8/24 Now Playing: The Park Place/Sony Soap Opera
We recent a number of responses to our inquiry into what the heck happened to Park Place back in late 1993/early 1994. Some responses were clearly on the side of Park Place, while others were clearly for Sony. We sifted through to obtain what we feel is the most objective look into what happened to that company known as Park Place. Here we go.
The time is winter of 1993. Park Place had developed successful sports products, most notably John Madden Football and NHL Hockey for the Sega Genesis—you got it, the games kicked off EA Sports (back then known as EASN) into the brand powerhouse they are today. There were roughly 60 employees at the time for Park Place, which was consider by most to be the premier third party developer. Development deals had been signed with Virgin, Konami, Gametek, EA, and a few others. The company even started to branch out into different entertainment mediums such as special effects for movies.
Here is where
things get confusing. With the large number of projects the company
was responsible for, deadlines began to slip. Yet the CEO, Michael
Knox, continued to sign new deals, further stretching the company’s limited
resources even more. Around this time, the president and co-owner
of the company, Troy Linden, ran off with his secretary and left the management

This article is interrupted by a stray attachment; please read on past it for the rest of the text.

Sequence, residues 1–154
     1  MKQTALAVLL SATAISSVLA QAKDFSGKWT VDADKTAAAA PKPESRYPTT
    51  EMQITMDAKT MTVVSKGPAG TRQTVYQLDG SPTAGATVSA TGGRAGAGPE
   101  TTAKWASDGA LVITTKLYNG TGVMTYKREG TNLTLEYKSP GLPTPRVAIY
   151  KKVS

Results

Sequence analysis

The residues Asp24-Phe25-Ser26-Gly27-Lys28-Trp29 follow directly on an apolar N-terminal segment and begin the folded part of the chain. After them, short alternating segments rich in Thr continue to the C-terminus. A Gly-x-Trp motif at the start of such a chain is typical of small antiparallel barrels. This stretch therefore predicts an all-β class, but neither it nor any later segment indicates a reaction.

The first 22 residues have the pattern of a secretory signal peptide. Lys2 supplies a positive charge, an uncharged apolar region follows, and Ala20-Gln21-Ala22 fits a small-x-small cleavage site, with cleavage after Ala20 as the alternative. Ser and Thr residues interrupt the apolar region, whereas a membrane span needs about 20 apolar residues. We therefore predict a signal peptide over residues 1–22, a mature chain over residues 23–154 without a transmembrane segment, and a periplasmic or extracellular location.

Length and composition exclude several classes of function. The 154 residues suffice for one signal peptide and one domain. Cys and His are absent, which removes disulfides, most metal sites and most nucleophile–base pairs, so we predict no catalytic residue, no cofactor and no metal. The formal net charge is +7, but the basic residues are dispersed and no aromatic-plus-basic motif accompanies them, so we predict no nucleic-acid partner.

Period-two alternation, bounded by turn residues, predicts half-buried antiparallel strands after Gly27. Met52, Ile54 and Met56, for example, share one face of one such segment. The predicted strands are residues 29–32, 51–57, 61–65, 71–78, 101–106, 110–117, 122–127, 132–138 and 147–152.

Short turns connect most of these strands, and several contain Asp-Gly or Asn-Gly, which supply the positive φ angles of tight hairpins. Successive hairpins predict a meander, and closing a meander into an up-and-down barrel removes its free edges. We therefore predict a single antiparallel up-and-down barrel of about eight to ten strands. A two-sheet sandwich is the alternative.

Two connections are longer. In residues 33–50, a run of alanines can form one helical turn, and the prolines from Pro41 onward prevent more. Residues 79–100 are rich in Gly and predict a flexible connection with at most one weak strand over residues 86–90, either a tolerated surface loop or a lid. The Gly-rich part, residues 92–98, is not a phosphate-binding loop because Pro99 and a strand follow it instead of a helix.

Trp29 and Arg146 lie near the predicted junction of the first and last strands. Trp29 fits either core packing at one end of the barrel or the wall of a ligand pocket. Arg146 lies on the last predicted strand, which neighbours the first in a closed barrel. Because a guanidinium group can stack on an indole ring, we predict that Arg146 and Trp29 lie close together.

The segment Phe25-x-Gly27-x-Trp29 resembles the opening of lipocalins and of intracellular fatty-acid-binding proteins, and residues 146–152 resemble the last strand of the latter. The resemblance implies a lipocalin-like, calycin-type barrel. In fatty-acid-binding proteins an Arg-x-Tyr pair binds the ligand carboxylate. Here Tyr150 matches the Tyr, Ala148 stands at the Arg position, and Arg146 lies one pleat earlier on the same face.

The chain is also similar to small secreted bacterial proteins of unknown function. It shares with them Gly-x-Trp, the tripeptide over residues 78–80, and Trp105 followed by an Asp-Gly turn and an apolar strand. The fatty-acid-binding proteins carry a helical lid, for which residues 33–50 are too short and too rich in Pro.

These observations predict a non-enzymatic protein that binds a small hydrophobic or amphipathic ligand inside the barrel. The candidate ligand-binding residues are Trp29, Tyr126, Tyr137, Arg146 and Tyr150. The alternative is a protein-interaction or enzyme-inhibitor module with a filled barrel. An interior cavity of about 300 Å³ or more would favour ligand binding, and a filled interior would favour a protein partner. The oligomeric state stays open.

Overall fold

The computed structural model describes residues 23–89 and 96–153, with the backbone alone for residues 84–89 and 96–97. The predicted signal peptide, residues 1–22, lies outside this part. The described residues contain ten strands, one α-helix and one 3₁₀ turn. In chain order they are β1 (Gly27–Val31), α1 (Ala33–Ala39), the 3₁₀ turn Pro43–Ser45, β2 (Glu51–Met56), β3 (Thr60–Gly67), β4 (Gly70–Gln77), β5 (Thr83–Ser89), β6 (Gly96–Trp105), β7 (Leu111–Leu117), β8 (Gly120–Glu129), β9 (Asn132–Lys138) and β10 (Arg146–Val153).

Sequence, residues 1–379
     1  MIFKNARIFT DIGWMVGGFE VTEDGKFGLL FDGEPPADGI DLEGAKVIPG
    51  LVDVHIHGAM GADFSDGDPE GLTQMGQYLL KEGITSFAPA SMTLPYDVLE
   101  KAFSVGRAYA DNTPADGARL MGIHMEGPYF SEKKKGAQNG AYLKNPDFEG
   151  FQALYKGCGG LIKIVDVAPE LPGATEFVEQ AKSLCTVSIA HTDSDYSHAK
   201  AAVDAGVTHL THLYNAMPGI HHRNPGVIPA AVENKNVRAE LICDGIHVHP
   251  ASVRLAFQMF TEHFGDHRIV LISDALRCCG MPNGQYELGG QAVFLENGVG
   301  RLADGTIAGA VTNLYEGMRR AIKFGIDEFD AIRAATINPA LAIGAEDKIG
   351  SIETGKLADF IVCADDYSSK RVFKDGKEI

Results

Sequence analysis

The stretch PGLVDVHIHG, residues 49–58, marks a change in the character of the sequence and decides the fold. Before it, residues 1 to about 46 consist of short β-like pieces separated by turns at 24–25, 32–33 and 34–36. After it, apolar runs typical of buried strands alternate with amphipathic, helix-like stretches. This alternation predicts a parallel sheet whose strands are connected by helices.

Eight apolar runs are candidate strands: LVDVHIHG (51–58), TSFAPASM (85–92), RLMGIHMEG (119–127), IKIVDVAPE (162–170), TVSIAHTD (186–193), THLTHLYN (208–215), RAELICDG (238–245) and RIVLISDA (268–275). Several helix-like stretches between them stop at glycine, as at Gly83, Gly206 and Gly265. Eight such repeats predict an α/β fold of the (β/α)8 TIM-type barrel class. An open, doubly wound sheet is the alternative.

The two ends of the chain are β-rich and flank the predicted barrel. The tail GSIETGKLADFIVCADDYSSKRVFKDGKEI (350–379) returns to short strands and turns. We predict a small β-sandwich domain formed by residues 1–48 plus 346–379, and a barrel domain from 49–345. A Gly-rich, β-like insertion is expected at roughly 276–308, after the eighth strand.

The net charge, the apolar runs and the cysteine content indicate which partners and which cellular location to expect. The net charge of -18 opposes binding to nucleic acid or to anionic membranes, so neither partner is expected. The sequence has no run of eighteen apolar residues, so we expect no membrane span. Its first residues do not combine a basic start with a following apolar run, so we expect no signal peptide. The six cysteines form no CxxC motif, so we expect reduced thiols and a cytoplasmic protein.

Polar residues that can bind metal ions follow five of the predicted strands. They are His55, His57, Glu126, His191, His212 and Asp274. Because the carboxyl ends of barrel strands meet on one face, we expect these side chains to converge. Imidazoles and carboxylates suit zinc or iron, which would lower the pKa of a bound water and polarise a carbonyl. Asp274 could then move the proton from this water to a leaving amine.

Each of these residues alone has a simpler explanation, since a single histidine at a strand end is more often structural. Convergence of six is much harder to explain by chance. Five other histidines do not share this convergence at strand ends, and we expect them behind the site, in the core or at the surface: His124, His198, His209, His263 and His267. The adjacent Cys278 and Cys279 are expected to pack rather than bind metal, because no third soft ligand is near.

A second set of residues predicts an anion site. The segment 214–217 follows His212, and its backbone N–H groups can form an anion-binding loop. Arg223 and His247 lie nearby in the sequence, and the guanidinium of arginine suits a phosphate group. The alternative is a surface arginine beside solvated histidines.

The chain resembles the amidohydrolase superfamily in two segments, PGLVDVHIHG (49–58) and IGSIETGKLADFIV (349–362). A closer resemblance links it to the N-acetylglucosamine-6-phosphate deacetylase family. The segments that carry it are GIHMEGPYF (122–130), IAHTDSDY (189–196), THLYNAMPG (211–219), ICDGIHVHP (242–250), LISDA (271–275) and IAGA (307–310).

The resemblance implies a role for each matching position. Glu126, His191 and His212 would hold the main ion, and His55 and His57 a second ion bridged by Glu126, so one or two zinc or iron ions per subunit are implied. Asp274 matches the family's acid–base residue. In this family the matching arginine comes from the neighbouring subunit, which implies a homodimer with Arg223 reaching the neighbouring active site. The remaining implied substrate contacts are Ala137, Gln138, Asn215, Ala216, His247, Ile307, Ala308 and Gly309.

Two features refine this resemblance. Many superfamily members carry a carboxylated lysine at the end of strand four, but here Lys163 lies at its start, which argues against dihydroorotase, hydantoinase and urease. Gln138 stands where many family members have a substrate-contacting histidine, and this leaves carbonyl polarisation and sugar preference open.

responsibilities to Michael Knox and other co-owners.
Sony had shown a definite interest in Park Place, and forged a deal with Park Place’s lawyer, Andy Zafron, to effectively act as a “mole” within the organization and report back to Sony on the situation there. As Park Place was missing milestone dates due to its stretched resources, cash dwindled and soon it became difficult to make payroll. Then, suddenly, Andy Zafron left the company.
It was known
that Sony was looking into opening a development house in San Diego in
order to do PSX sports games, yet it was surprising to discover Sony had
effectively undermined Park Place’s employment staff and essentially supported
a mass resignation.
However, it must be pointed out that the blame is not to be laid solely upon Sony. When Park Place was going to have difficulty making payroll that December, some key folks within the company, who had been in contact with the now departed Andy Zafron, held a meeting where approximately 90% of the Park Place employees attended. Some report John Smedley, then a producer, as the point man within Park Place who organized this meeting. Also, it was held at a time when the CEO was out of the office and wouldn’t be back until the following week.
At this meeting, the person who was acting as the Sony contact (possibly Smedley), invited everyone to move over to Sony’s new development house that was going to be opening soon in the San Diego area. And former Park Place lawyer Andy Zafron was heading it up. This person further “persuaded” people by revealing that Park Place would not be able to make payroll, the job offer would be open for 24 hours only, and that Sony promised steady paychecks and good salaries.
When the CEO returned the next week, there were a line of employees outside his office with resignation letters in their hands. As employees left, they ransacked the entire office building of equipment, development stations, source code and design documentation.